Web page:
Unfortunately, Ising was unable to show that his model worked for the 1D case shown in Figure 6. His dissertation, published in 1925 was disappointing, because it solved the 1D case but gave a negative result. Another student assistant of Lenz, Lars Onsager (1903–1976) presented a modified model based on a different Hamiltonian formulation of the Ising model and showed that it worked for 2D (see Figure 7). That is, in two dimensions convergence to all + or all – polarization is possible under certain conditions. This is called a phase transition and occurs if the Hamiltonian can be minimized.

Regardless of the failure, the Lenz-Ising model retains its name after Lenz and Ising, when in fact, the model was perfected by Onsager and others. The trick was in correctly defining the Hamiltonian in a ferromagnet. Potential is defined as the difference in polarization of adjacent atoms, rather than strictly the direction of polarization. In quantum physics, the Hamilton is defined as the total energy of a system—potential and kinetic—without regard for a coordinate system.

The Hamilton of an Ising system is the sum over all pairs of polarized atoms with value *s _{i}* = ±1:

*s _{i}s_{i}*

_{±1}for 1D,

Or sum over adjacent atoms above, below, left, and right of each atom:

*s _{i}*(

*s*±1 +

_{i}*s*

_{j}_{±k}) for 2D, where

*j*and

*k*are above and below

*s*

_{i}.Clearly, the Hamilton increases with the number of adjacent atoms that differ in polarity versus when they are the same. Potential is embedded in the difference instead of the similarity of polarization.

Thus, for certain conditions, the 2D model converges to a minimum energy level when random atoms are repeatedly flipped such that the Hamilton decreases as shown in Figure 7b. The Hamiltonian is simple for a computer to calculate but the result is surprising. Start with random polarization (equal north and south atoms). Select an atom at random. Flip its polarity if the Hamiltonian decreases. If it does not decrease the Hamiltonian, flip it anyway with probability *P.*

**************************** Sidebar 4: Ising Algorithm ********************

A computer simulation algorithm for the modern version of Ising is given here:

Simulated Ising models converge to a minimum Hamiltonian state for certain values of **beta**, and cycle forever, otherwise. Convergence is considered a phase change in physics, but it is merely convergence to a ground state where change no longer occurs. Thus, the Lenz-Ising model is a type of optimization model whereby the objective function is the Hamiltonian.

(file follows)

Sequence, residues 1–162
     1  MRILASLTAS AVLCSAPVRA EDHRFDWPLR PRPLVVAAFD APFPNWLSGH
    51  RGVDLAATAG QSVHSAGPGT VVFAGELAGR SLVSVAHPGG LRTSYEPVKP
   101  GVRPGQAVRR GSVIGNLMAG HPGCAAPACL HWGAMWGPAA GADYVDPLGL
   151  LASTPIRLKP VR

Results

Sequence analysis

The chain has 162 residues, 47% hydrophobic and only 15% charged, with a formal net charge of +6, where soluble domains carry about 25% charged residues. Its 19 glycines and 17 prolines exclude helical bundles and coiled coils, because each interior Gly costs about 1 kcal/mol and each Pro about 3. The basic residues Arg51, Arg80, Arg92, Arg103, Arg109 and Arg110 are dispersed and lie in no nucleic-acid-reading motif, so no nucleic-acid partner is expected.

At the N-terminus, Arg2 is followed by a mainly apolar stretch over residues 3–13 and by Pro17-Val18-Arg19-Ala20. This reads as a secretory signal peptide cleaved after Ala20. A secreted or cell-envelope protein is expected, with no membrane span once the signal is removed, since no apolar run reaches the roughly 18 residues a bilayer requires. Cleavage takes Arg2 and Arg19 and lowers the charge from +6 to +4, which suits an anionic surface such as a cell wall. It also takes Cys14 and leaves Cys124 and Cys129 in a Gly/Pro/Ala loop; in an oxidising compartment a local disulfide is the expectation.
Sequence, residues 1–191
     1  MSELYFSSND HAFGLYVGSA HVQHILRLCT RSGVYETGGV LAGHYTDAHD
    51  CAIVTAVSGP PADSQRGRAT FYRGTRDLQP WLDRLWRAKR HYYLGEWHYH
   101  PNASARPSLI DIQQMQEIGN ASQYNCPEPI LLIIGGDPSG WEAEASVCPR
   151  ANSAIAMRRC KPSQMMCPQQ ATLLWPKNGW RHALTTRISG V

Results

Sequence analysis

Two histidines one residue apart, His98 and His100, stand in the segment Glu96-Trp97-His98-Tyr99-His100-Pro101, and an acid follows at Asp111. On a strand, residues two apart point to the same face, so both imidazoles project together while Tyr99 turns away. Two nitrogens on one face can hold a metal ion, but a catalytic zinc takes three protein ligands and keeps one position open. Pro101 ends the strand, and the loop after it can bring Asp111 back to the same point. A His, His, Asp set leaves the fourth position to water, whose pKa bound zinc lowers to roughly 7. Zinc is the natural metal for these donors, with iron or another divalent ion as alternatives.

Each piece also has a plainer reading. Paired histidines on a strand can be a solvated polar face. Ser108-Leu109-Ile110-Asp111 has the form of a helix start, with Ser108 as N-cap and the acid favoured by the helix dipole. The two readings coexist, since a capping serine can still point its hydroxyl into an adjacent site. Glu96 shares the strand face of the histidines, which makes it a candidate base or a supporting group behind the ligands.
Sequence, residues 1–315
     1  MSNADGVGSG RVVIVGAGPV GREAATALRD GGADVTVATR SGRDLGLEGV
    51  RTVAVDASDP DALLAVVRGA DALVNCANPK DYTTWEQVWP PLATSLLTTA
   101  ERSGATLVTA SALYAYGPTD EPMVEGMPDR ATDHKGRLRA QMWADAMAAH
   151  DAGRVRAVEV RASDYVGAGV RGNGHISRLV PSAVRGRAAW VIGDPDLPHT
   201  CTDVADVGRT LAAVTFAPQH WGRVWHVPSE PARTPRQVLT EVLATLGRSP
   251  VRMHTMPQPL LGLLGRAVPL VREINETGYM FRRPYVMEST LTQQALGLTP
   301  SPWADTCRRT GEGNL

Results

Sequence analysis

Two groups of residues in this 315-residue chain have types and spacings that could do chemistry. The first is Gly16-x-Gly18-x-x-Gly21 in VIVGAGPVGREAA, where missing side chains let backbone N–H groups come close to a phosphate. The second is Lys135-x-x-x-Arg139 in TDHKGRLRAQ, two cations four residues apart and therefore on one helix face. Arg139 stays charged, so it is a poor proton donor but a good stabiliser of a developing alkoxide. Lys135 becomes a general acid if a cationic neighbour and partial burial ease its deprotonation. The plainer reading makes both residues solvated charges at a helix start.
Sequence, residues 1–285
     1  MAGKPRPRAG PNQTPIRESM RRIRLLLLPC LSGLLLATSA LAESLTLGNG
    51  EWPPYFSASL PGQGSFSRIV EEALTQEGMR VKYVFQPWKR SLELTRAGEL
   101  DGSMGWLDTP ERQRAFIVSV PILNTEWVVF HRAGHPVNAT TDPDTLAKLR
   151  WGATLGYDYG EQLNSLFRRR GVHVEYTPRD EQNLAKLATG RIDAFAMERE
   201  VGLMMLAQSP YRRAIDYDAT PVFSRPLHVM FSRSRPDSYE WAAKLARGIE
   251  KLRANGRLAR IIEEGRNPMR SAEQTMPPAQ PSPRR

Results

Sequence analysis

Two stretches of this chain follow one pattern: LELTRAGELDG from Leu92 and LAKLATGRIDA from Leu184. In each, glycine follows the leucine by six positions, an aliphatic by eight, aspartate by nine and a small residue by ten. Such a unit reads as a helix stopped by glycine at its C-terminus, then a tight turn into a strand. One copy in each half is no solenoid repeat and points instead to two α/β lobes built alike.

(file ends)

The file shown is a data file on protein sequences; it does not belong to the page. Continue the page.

**************************** End of Sidebar 4 *****************************

The Lenz-Ising model is important because it is a path to solving optimization problems using quantum computers. If a problem can be modeled as an analog of Lenz-Ising, then it can be solved by the simple Ising algorithm above. That is, the Hamiltonian in an analog quantum system is minimized, thus finding a ground state that corresponds with the optimization of the stated problem.

This is the idea behind many optimization algorithms that apply quantum superposition parallelism to run fast. Using superposition, all steps in the algorithm above are done simultaneously, driving the system to its ground state all at once. Once again, superposition is responsible for performance of the computation.

**The Quantum Traveling Salesman Problem**

In quantum computing, finding a minimum value uses the Lenz-Ising model of minimum Hamiltonian as an analog. The key is to formulate the problem as a quantum energy minimization experiment that runs on a quantum computer. This is the approach used in many *NP*-complete problems such as the Traveling Salesman Problem (TSP). Minimum Hamilton energy is the analog of minimum distance traveled by the salesman.

Instead of polarized atoms and a Hamilton function defined by differences in polarized pairs of atoms, quantum fluctuations are introduced into a quantum system and coherent superposition is maintained long enough for the fluctuations to "settle down" and find the minimum. This was done for the TSP in 2004 by Martonak, Santoro, and Tosatti at ETH in Switzerland and the International School for Advanced Studies, in Italy [7]. The quantum Ising model is also used by D-Wave Quantum Systems Inc., a Canadian quantum computing company based in Burnaby, British Columbia. The D-Wave QPU uses quantum annealing to find the minimum of an energy landscape defined by couplings of qubits in the form of a Hamiltonian.

Martonak et al. divided the TSP into two Hamiltonian parts: one part computes the length of a tour, *H _{pot}*, and the other part,

*H*, is a suitable representation of the kinetic energy involved in quantum fluctuations. Quantum fluctuations are gradually dampened by shifting

_{kin}*s*from one to zero in:

Initially, *s* = 1 so Hamiltonian = *H _{kin}* is 100 percent quantum fluctuations. Eventually,

*s*= 0, so Hamiltonian =

*H*, and the optimal tour is found.

_{pot}The challenge is to devise an expression for quantum fluctuation, *H _{kin}. H_{pot}* is simply the length of a tour. What is

*H*?

_{kin}The selection of *H _{kin}* is somewhat arbitrary. It could be simply transposition of neighboring cities, or transposing paths between cities. For example, tour,

becomes,

after transposing 3 and 5, and 8 and 6, noting that tours are bi-directional. Hkin embodies transpositions that simulate quantum fluctuations.